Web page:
High-intensity focused ultrasound (HIFU) is a minimally invasive procedure that can be used to treat solid tumors—both benign and cancerous—in the prostate gland. For instance, HIFU may be an option for treating early-stage prostate cancer that has not spread beyond the prostate or a benign prostate tumor that is visible in imaging scans. An ideal candidate for HIFU has a small-to-medium-sized prostate gland with no major calcifications (dense tissue that sound waves cannot penetrate).
HIFU offers several benefits. The treatment does not involve surgical incisions, needles or radiation therapy, and because it is delivered with a high level of precision, it does not affect the surrounding healthy tissues. What's more, the risk of complications such as skin burns is low, and most patients recover from the procedure relatively quickly and can resume their regular activities within a few days.
How does HIFU work?
Many people are familiar with ultrasound imaging, which uses high-frequency sound waves to create detailed pictures of internal organs. High-intensity focused ultrasound also uses high-frequency sound waves, but instead of producing medical images, the sound waves are precisely focused on abnormal tissue, such as a tumor, to destroy it. Additionally, the sound waves used for HIFU are 10,000 times more powerful than the sound waves used for producing diagnostic images.
During HIFU, the highly targeted energy causes the temperature of the targeted tissue to rise, and the resulting heat destroys (ablates) the abnormal cells. The concept is similar to using a magnifying glass to concentrate the energy of the sun on a small spot to create heat and burn an object.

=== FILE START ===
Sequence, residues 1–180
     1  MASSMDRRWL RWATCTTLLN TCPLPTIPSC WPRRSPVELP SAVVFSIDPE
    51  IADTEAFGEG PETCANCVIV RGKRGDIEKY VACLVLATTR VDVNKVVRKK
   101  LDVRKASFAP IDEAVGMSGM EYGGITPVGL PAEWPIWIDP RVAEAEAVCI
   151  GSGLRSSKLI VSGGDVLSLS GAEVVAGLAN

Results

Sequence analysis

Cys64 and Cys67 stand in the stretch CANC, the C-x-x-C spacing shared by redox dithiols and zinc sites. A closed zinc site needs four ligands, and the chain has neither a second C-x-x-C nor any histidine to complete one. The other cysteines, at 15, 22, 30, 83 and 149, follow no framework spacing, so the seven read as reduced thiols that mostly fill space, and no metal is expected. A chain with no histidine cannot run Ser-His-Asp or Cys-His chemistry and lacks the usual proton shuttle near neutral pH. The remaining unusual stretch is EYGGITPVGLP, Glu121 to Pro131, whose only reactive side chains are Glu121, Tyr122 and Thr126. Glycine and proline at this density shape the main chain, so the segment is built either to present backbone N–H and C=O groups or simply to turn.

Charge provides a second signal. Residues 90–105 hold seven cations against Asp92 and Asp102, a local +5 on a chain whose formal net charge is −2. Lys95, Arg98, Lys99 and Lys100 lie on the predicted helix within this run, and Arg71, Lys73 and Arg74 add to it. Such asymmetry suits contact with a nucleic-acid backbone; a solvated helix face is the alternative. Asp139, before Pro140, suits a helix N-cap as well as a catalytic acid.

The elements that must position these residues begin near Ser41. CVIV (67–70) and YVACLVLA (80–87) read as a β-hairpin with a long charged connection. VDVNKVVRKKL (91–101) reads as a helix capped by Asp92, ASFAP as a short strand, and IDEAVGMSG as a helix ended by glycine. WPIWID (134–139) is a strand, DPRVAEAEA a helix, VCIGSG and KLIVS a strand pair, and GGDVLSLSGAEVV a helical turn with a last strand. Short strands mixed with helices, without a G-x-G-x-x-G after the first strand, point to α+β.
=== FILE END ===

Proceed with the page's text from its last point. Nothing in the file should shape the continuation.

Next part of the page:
What does a HIFU procedure involve?
High-intensity focused ultrasound is typically delivered in a single outpatient session that lasts approximately two hours. The physician will evaluate imaging studies beforehand to determine the exact location of the abnormal tissue and plan the treatment. During the procedure, the patient will be positioned comfortably on an exam table. Once the patient is sedated, the physician will insert a thin ultrasound probe into the patient’s rectum to image the prostate and deliver the treatment.
Guided by real-time imaging, the physician will use the probe to deliver a test dose of high-frequency sound waves to the center of the targeted tissue, then adjust the strength of the ultrasound beams based on the depth of the tissue. Once the optimal intensity is set, the physician will deliver bursts of ultrasound waves to the targeted tissue while the rectum is actively cooled. Each burst will last only a few seconds and treat an area of tissue that is approximately the size of a grain of rice. Throughout the procedure, the surgeon will continually monitor real-time imaging as well as treatment parameters, such as temperature readings and calculated tissue changes, to evaluate the quality and success of the ablation.
When used for treating prostate cancer, the goal of high-intensity focused ultrasound is to treat only the area of the prostate with the tumor while leaving the rest of the gland and its surrounding structures intact and unaffected. This approach is widely used to successfully treat other types of cancer. In the case of multiple prostate tumors, the targeted tumor (index lesion) is the largest tumor with the highest grade. Many experts believe that the index lesion drives the behavior of the prostate cancer, and therefore treating it with HIFU can produce a good outcome.
Moffitt's approach to prostate cancer treatment
Moffitt Cancer Center is proud to offer the latest treatment options for prostate cancer, including high-intensity focused ultrasound and a robust portfolio of clinical trials, in a single location. If you were recently diagnosed with prostate cancer and would like to discuss your options with a specialist in our Urologic Oncology Program, please contact us at 1-888-663-3488 or complete our new patient registration form online to request an appointment. You can expect a rapid response from an expert within one day.